There tends to be a well-meaning sweetness in the lies parents tell their kids, which is a very good thing, since we seem to tell a lot of them. Yes, that indecipherable crayon scribble looks exactly like Grandma. No, I didn’t put that tooth-fairy money under your pillow. Santa Clause ate the cookies and countless others. Now whether or not these lies are harmless or not may differ depending on who you ask but according to a recent Time magazine article, there’s one lie that nearly all parents tell, and they tell it repeatedly: “I do not have a favorite child.”

And yes, the article says – that it is indeed a lie. In fact, it insists that all parents really do have a favorite, even if it’s a subconscious one.
Not sure how you argue with the “subconscious lie” theory, but I have always said and maintain to this day that I do not have a favorite child. But it may be easier for me to say than some. First, I only have two children so the oldest feels special because he is the first-born and other feels special because he is the baby. Second – I have two boys, so there are no differentiations based on sex. Third, my sons’ personalities are like night and day and neither one of them want to be like the other. So one activity I might enjoy with my older son – like watching baseball, and my younger son wants no parts of it. And vice versa.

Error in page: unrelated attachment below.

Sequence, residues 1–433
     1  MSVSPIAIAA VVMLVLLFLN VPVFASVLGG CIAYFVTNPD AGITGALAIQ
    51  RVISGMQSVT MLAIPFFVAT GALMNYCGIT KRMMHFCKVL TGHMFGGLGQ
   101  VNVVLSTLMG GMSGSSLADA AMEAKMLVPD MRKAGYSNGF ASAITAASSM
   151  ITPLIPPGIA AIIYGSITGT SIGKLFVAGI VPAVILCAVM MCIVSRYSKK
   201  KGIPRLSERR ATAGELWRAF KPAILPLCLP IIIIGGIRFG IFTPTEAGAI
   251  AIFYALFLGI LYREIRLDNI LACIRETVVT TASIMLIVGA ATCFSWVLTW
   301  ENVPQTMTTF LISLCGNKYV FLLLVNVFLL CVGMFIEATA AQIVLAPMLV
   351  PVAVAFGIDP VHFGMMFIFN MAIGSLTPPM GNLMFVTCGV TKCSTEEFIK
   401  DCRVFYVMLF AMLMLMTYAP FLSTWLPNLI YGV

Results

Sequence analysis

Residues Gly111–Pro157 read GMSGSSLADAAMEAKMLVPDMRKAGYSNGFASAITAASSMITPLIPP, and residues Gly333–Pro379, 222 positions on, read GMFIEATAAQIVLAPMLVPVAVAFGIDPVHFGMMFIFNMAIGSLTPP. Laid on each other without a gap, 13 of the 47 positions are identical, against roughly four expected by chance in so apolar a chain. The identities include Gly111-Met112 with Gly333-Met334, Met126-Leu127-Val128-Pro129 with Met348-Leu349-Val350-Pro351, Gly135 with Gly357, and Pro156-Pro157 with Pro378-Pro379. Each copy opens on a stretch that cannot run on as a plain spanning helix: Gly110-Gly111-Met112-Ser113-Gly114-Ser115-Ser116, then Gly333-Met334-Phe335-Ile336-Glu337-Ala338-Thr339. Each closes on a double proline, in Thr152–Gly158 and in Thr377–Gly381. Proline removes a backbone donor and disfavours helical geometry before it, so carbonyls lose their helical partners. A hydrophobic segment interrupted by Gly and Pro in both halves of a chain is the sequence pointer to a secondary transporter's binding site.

But apparently I’m delusional because according to several experts, having a favorite child is just the natural order of things, just like in the animal kingdom.

Research done by Jeffrey Kluger, author of The Sibling Effect, shows that 65 percent of moms and 70 percent of dads have a favorite kid and that it seems the oldest child tends to be the favored one by a majority of parents. And because of this, older children often grow up to be the tallest and/or strongest of the kids, with higher IQs.

By default then, it would seem that favoritism does a disservice to the other kids in the family.
And that would be correct.

Experts say that it can – especially during childhood but may diminish somewhat in adulthood as each sibling finds his or her own place in the world.
But as children, favoritism can cause a certain amount of sibling rivalry, anger at the favorite, and guilt of the favorite for having that status. Non-favored children wonder what they did or didn’t do that caused them to not garner as much love or attention from their parents.

Non-favored children can feel lonely and unwanted as they watch the favorite bask in all the glory. And these old feelings can resurface during troublesome times in adulthood — sometimes when it comes to the care of aging parents, when a parent dies or during adult sibling arguments.

I warn my children’s father about this all the time. While I languish lavishly in the mansion my boys have already promised to buy me, his rocking chair may be rocking on the porch of the old folks home. Just kidding. Kinda. I really don’t think he has a favorite either, but then we both just may be delusional.

I do feel bad for the children who are obviously not the favorite. I think you can easily spot them as adults. They are the ones that always seem to be vying for attention or crave the spotlight – in relationships and the workplace.

And although the damage may dimish as you get older, I don’t think it ever really goes away.

Sooooo … anyone want to ‘fess up to having a favorite kid?

Log onto the latest edition of Mamas Gone Wild to check out the live discussion with Nikki and Mary surrounding favorite children.

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